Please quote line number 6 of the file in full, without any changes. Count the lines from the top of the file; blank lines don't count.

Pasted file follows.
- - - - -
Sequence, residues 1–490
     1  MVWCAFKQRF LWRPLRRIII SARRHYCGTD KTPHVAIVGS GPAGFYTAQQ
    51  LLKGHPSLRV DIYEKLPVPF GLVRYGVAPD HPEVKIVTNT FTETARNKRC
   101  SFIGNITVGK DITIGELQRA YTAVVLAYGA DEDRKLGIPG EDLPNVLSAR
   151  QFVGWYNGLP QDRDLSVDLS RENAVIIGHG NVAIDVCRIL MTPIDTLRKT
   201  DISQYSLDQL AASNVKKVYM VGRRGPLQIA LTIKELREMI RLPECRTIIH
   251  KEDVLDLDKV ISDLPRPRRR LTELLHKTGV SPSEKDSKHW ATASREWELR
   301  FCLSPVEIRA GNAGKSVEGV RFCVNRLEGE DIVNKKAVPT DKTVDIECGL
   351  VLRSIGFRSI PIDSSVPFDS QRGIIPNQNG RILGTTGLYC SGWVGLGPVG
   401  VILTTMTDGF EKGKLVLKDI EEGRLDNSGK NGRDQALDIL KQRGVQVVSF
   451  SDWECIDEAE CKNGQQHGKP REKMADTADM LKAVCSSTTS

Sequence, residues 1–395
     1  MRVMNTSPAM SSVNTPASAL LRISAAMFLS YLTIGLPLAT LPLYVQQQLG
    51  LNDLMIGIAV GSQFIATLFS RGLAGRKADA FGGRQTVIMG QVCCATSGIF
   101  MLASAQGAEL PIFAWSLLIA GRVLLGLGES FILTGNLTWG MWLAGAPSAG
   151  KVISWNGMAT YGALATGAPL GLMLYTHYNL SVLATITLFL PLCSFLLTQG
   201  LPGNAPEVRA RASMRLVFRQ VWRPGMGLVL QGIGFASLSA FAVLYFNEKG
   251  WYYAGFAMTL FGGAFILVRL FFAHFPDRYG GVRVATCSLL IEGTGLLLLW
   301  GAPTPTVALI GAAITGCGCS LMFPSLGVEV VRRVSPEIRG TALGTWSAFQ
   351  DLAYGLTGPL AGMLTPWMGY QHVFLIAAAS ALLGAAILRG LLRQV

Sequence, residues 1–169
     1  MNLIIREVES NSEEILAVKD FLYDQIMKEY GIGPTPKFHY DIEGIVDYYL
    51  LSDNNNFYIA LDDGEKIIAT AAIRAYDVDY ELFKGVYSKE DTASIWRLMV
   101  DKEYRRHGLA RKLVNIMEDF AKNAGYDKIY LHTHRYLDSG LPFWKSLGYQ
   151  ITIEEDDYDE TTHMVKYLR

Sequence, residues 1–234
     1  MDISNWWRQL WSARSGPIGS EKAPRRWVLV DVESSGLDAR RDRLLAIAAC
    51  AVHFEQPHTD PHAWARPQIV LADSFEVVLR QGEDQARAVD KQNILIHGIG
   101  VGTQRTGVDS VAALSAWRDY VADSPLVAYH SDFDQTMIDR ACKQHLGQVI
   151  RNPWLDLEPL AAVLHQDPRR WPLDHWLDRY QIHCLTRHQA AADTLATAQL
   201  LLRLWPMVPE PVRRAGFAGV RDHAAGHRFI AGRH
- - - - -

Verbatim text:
   201  DISQYSLDQL AASNVKKVYM VGRRGPLQIA LTIKELREMI RLPECRTIIH